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Mission accomplished, really: US war in Iraq officially ends

Some 4,000 US forces will be exiting Iraq in the coming days. 'Iraq will be tested in days ahead,' warned Secretary of Defense Leon Panetta, at an end-of-mission ceremony Thursday.

US Sec. of Defense Leon Panetta, right, walks across tarmac with Army Gen. Lloyd Austin, left, Commander of US Forces Iraq, during his arrival at Baghdad, Iraq, Thursday, Dec., 15, 2011. Panetta is participating in the ceremonies marking the end of the US military mission in Iraq.

Pablo Martinez Monsivais/AP

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The Pentagon’s top officials flew into Iraq Thursday to mark the end of the American war here. 

Eight years in coming, a ceremony Tuesday marked the conclusion of an American military mission that was alternately labeled a breeze, a mistake, a civil war, and a quagmire.

It has been a war whose “outcome was never certain, especially in the war’s darkest days,” said Secretary of Defense Leon Panetta, who flew to Baghdad to preside over the ceremony.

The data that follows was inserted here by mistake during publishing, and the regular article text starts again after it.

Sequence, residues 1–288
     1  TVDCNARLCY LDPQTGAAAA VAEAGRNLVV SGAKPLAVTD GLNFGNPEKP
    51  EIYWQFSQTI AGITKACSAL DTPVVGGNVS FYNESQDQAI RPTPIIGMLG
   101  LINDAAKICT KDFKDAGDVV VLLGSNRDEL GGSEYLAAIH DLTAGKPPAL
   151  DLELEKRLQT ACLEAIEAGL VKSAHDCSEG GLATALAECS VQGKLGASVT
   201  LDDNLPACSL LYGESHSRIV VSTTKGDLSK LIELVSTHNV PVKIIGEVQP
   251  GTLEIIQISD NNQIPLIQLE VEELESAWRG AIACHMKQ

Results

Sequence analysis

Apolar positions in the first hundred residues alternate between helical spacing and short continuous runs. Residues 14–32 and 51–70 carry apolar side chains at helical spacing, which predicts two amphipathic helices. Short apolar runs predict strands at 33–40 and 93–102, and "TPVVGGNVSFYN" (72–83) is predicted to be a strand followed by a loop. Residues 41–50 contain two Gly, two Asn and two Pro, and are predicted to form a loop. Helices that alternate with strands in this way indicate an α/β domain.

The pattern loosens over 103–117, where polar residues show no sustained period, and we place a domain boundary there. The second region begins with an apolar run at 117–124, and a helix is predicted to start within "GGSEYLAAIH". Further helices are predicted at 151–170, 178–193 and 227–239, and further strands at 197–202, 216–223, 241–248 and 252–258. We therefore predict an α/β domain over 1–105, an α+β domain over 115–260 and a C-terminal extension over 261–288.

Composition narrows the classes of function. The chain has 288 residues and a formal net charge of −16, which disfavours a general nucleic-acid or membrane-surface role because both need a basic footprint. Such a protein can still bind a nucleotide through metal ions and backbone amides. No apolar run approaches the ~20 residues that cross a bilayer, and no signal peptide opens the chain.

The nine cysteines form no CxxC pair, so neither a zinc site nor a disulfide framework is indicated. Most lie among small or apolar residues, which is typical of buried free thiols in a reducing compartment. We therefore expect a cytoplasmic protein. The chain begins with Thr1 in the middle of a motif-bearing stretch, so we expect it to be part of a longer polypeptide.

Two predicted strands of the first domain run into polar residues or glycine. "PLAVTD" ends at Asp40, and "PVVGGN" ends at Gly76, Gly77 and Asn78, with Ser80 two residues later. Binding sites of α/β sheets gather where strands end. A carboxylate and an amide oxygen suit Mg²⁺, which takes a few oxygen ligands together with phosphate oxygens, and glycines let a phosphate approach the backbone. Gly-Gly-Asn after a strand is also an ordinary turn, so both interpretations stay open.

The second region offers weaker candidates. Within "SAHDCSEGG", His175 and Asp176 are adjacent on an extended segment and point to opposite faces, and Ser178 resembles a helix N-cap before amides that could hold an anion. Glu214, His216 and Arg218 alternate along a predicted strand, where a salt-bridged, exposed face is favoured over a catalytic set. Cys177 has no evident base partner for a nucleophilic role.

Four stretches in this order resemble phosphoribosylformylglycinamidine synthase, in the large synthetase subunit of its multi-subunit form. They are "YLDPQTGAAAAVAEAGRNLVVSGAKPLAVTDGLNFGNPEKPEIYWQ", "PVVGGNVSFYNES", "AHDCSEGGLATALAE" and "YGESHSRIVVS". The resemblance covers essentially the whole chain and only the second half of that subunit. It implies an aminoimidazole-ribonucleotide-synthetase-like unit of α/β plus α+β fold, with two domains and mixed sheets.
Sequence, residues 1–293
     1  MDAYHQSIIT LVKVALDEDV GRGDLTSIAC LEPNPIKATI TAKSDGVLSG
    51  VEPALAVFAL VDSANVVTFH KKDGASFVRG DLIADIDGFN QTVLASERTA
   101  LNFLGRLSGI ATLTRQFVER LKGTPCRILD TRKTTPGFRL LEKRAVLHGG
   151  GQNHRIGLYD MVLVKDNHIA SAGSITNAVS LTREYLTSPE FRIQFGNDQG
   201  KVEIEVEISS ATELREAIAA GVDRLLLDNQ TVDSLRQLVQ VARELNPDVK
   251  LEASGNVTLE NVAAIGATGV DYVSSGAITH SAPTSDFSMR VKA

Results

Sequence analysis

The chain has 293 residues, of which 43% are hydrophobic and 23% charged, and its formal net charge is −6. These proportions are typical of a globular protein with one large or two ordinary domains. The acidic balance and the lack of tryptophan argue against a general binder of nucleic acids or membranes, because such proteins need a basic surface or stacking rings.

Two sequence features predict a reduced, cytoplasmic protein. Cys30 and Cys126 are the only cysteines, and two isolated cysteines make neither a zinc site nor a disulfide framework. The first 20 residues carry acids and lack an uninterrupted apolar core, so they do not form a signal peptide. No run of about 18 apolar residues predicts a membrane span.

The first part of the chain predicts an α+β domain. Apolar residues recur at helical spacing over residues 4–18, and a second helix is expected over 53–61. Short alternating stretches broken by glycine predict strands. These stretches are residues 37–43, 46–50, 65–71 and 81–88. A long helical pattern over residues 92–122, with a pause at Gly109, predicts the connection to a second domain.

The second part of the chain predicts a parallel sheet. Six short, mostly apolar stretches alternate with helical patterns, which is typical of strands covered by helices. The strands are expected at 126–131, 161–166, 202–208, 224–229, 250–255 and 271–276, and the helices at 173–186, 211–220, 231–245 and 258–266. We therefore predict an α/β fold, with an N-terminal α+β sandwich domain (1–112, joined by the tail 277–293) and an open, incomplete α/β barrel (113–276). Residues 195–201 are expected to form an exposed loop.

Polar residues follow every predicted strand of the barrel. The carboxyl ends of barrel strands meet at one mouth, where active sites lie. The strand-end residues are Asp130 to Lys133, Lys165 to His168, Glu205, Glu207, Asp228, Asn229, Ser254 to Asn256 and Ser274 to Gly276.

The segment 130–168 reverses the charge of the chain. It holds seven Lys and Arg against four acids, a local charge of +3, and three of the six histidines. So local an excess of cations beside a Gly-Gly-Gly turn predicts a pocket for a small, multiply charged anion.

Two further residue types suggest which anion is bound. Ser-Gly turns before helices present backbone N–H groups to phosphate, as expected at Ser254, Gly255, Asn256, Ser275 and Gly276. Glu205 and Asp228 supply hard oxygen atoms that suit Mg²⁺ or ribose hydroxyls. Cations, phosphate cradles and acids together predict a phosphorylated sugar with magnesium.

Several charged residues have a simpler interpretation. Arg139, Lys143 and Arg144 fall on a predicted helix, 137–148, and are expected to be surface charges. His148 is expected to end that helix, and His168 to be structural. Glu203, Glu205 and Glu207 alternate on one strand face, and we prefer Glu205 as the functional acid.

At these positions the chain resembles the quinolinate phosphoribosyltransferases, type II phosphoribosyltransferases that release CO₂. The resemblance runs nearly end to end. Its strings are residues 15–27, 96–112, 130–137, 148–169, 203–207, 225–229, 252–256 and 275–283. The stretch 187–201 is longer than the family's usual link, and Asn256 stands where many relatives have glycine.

Today, “after a great deal of blood spilled by the Iraqis and the Americans, the mission of an Iraq that could govern and secure itself has become real,” he added.

The uncertainty remains, US officials warn, but from the perspective of US troops here, “This actually represents an end,” said Major General Jeffrey Buchanan, spokesman for US forces in Iraq. He spoke in the hours before what was dubbed the official “End of Mission” ceremony here.

It was two months after the launch of the war, on May 1, 2003, that President Bush stood on the deck of the USS Abraham Lincoln beneath a banner that declared “mission accomplished.”

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